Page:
Time for climate change skeptics to change?
In 2013, Sir Mark Walpole, the chief science advisor to the UK raised the concern that many people are increasingly skeptical about even the existence of climate change and mankind’s role in it. Through intensive scientific work has clearly established climate change as a dangerous threat to us, many people continue to deny it. IPCC, the UN intergovernmental panel on climate change, maintains that global warming is a significant threat.
Climate change is not new. According to NASA, in the last 650,000 years, there have been seven cycles of glacial advance and retreat. The abrupt end of the last ice age about 12,000 years ago marked the beginning of the modern climate era and human civilization. These climate changes were due to small variations in Earth’s orbit that changed the amount of solar energy received.
But, the current trend is different. Since the mid-20th century, it has been growing rapidly driven by human activity. Caused by increased greenhouse gas emissions, the average surface temperature of the Earth has risen by almost 1 degree Celsius since the late 19 century. Most of that happened in the past 35 years.
The skeptics today include powerful business leaders and politicians, who deny global warming. We can discuss, argue, fight, and vote on many issues. But this is not one of them. Only truth and facts matter. Opinions and arguments are good for business, politics, and financial gains but such special interests but will not change the reality.
The latest disruption
A non-linear change has been forced on us by COVID 19 virus. With millions of people not driving around for weeks, emissions have fallen. But when we deep-dive into how COVID 19 is influencing climate, some surprising and counter-intuitive factors surface. Based on those, I will focus on what it could mean and what we could do to build the post-COVID world friendlier to the environment.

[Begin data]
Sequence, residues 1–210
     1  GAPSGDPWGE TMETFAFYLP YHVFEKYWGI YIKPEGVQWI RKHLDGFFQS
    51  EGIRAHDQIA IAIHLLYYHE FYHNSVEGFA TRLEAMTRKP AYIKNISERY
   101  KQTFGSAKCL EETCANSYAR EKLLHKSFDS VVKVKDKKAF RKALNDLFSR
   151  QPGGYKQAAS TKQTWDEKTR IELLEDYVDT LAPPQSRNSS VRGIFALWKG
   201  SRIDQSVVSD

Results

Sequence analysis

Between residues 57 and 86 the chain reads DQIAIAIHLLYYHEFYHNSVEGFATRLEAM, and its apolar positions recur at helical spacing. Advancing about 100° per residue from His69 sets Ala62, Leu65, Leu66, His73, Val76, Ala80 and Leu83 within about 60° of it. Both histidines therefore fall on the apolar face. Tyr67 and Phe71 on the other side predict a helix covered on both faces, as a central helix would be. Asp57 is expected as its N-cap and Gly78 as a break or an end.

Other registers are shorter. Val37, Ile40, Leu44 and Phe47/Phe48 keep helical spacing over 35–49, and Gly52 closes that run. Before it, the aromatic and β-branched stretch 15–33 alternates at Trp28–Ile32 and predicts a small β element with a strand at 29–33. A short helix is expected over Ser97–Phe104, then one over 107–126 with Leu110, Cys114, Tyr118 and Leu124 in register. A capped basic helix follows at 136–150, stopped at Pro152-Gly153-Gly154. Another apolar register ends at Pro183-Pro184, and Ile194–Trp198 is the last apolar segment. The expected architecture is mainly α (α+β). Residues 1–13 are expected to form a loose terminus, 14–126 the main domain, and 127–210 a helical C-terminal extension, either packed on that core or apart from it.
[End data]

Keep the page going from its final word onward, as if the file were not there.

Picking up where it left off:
I see four sets of actions fundamental to building a new world
1. Urban Living
Many aspects of urban living have been challenged and broken. All the following changes will be easier on the environment.
Most of our business travel was just legacy and actually added little value. That opens up many alternatives. With current technology, everything from food and medicines to entertainment can be delivered to homes. Most financial transactions do not require travel. Many organizations were forced to let people work from home. They have now seen the advantages. So many will not maintain large offices and incur a huge waste of time and costs in daily commutation. I have recently taken up a consultancy that is now completely online. In the past, it would have involved at least 2 trips halfway around the world.
The design of residential/commercial space will have new opportunities to support employers and staff to work from home and eliminate commuting to work. Reduction in commuting will have a negative impact on the automobile industry and public transport systems. The change in technology to electric vehicles will supplement this trend.
The demand for high bandwidth connections for the last-mile will now soar making even more products and services to go online.
Performance assessment and reward strategies for staff will shift from time-based systems to output based systems. This will lead to more efficiency and effectiveness and less waste of resources.
2. Impact of climate-related issues on health